|Type of paper:||Essay|
|Categories:||Criminal law Forensic science Criminal justice Human behavior|
Crime can be defined as a deviation from the usual practice of society and rules that govern normal behavior. Victims of crime usually wonder why individuals commit the crime. But studying criminology will help one to understand why individuals engage in misconduct behaviors as well as how criminals think and come up with ways of assimilating the criminal while controlling crime. Several theories have been developed to explain why people commit crimes. One particular approach is the rational choice theory, which suggests that people use analytical reasoning to make intelligent choices to attain results that are aligned with their objectives. The method helps to explain how an individual's mind functions in leading him/her to engage in crime. This essay is designed to focus on rational choice theory and determine the strengths and weaknesses of this describing a criminal behavior.
The criminal act chosen in this case is the one for Jennifer Dulos, who went missing in May 2019 during an acrimonious divorce. It was later discovered that her husband, together with his girlfriend, murdered her because of their gains. Rational choice theory best fits this crime because Jennifer's husband was used to beating his wife, and he had once attempted to hit her in the summer of 2017 in the car where she suffered head injuries. He chooses to beat his wife because he felt like it. Based on the information that was provided, this was something that Fotis was used to doing or what is known as a choice.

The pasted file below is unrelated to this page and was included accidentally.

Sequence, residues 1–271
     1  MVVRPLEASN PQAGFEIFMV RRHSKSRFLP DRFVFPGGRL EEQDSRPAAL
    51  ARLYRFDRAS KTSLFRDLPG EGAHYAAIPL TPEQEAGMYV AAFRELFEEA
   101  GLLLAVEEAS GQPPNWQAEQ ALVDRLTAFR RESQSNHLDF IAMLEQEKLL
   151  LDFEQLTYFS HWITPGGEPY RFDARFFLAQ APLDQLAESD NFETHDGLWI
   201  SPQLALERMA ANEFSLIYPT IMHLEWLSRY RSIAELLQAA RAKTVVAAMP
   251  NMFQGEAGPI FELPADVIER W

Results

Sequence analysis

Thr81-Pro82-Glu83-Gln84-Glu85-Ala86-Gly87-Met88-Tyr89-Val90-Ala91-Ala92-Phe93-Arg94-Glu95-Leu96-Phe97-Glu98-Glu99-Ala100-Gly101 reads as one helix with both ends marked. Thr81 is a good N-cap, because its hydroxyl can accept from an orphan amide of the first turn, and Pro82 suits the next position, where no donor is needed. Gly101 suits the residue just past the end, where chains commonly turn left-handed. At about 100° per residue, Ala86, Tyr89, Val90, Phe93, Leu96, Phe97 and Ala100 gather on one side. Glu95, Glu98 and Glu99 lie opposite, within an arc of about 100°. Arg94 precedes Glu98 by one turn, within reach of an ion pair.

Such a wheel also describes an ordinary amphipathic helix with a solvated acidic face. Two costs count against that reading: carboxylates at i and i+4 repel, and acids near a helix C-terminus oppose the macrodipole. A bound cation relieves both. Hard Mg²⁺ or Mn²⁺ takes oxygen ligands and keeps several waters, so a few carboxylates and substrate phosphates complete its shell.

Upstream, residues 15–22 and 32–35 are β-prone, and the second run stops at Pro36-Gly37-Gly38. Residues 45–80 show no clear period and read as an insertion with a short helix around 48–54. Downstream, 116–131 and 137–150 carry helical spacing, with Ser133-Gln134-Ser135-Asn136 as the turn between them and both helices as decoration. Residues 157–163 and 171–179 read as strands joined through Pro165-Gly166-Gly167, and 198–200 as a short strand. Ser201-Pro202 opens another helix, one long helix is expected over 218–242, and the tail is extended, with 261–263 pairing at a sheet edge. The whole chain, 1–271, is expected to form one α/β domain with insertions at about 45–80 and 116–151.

Jennifer Dulos, a mother of five, disappeared on May 5, 2019, and has not been found. It was assumed that her husband and his girlfriend murdered her because bloodstains found in his vehicle matched that off Jennifer's. He was also seen on camera in Hartford North end disposing of what looks like black garbage bags in garbage bins along Albany Ave. Although the search of the garbage landfill was conducted for many months, the authorities have yet to come up with more physical evidence.
Jennifer Dulos filed for divorce from her husband, and in that filing, she requested full custody of her five children. Instead, she was granted shared custody with her husband, Fotis, pending the divorce proceedings. Fotis had an affair, which may have been the reason for the divorce filing. The supposed girlfriend was also a part of what investigators believed a plot to kill Jennifer and dispose of the body.